Cavitation is a complex word that refers to the process of bubble formation in a liquid. With the help of a cavitation machine it leads to intense pressure, including in medical devices like ultrasonic cleaners and ultrasonic scalers.
There are two types of cavitation:
Positive – Meaning that the bubbles form outward from the center; and
Negative – In which the bubbles form inward.
It’s true that many people recommend exercising after cavitation, but it largely depends on what type of cavitation you had. For instance, if you had positive cavitation (i.e. bubbles forming outward), then it’s probably recommended that you stop exercising immediately to prevent any additional damage to underlying muscle tissue. On the other hand, if you had negative cavitation (i.e. bubbles forming inward), then it might be a good idea for you to exercise afterward because the extra blood flow helps get rid of the internal damage from negative cavitation.
There is only one study done on the effects of cavitation on exercise, and it concluded that it has no significant effect on exercise performance or recovery. I’m also inclined to believe that any negative effects are outweighed by the positive effects of exercising after cavitation.
NOTE : For those who have severe cavitation, especially if you have a heart condition like Eisenmenger Syndrome (a condition in which bubbles form in your kidneys), then the milder form may not be safe for you to exercise after.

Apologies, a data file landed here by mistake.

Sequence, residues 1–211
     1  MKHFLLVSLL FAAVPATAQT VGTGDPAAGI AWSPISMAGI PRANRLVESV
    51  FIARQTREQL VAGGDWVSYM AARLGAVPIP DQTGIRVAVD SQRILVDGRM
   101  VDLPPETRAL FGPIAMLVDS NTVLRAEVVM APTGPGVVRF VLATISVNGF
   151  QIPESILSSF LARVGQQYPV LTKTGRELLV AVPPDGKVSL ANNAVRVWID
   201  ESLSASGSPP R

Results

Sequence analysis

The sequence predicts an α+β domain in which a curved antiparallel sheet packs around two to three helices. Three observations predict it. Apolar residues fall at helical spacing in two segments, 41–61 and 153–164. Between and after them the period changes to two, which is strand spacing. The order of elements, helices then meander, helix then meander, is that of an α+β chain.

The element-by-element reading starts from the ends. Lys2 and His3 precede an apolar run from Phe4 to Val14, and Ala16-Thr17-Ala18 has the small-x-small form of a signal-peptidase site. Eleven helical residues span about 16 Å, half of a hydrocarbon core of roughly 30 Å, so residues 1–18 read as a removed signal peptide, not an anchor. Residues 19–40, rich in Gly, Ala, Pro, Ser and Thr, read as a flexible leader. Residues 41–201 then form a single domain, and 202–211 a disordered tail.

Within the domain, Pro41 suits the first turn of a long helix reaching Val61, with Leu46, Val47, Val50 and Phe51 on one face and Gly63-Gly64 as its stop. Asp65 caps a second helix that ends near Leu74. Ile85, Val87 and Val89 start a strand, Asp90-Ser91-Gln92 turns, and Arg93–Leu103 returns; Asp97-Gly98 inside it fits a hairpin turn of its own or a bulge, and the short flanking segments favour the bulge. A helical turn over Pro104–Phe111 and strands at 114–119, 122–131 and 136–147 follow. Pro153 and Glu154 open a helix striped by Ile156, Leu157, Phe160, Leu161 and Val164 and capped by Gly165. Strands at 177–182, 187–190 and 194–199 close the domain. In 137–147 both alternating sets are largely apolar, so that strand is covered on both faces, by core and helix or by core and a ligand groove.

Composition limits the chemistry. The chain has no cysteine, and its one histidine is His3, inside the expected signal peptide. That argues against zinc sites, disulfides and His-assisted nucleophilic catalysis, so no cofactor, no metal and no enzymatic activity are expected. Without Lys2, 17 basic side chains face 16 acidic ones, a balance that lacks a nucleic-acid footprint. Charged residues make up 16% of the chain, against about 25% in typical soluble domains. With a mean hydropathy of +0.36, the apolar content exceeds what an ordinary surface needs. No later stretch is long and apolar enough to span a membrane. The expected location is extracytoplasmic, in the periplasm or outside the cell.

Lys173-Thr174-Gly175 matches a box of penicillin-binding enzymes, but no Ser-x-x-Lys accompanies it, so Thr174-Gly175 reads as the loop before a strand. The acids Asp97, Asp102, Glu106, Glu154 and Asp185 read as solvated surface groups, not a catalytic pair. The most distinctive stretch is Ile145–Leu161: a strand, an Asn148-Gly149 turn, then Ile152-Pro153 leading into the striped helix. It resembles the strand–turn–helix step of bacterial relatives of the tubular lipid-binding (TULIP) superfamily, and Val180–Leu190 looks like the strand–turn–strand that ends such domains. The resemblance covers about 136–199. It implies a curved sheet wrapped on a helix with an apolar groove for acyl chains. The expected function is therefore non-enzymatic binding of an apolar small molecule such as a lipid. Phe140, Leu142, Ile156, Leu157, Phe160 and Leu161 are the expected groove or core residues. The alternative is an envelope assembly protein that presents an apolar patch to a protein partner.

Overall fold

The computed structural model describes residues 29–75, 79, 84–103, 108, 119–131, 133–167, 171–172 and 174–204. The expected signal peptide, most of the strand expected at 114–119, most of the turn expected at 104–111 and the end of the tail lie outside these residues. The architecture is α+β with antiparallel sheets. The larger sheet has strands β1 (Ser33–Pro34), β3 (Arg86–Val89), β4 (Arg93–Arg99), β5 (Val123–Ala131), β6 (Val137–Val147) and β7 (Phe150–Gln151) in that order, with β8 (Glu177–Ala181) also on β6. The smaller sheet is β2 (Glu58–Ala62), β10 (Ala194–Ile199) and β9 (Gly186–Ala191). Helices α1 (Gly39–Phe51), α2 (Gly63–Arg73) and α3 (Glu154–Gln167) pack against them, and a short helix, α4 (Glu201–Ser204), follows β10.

How do you get the best results after cavitation?
There are some things you can do to maximize the benefits of cavitation:
1. Follow the recommended recovery protocol. Usually, you would be advised to rest as much as possible, including eating lots of high protein foods to facilitate muscle repair.
2. Drink lots of water – upwards of 2+ liters a day – to help flush out metabolic waste products and speed up tissue repair. You may also be advised to do a water-only fast the day after cavitation.
3. Massage your muscles – especially the muscle groups you used in cavitation – for about a minute to help promote blood flow and accelerate tissue repair.
4. Do gentle stretching exercises for about 30 minutes per day, especially if you have negative cavitation (i.e. bubbles forming inward).
5. Avoid intense workouts for at least a few days after expending large amounts of energy (a marathon, or any other high intensity activity).
What precautions should be taken if I have cavitation?
First and foremost, it is important to understand that cavitation is associated with internal damage, so you should not exercise vigorously for about a week after cavitation for the same reasons as noted above. You may also be advised to do a water-only fast the day after cavitation. However, external damage (like abrasions) from cavitation would probably heal on its own with little or no effects from exercising.
If you have cavitation in your hand, you should be aware of some risks. Because they are so important, you should not perform any task which puts your hands under pressure – like weightlifting or gardening – for at least a week post-cavitation. The same rule applies to other body parts with thinner skin (i.e. the ankles). In fact, you should take extra care to avoid using those particular body parts for even light activities during this recovery period.
How long does it take to see results from cavitation?
The results of cavitation vary widely. For instance, it’s been reported in some patients that they receive significant pain relief within a few hours, yet in others it may take weeks. It’s important to remember that the time could be longer if you’re having cavitation in your hands. Still, most people experience pain relief within one month (although it may take longer with hand cavitation).
If you have cavitation, then it is highly recommended that you do not exercise vigorously for a week post-cavitation. However, there are no scientific studies done on the effects of cavitation on muscle performance and recovery, but anecdotal evidence suggests that a large number of people perform light exercise after the long-term use of cavitation.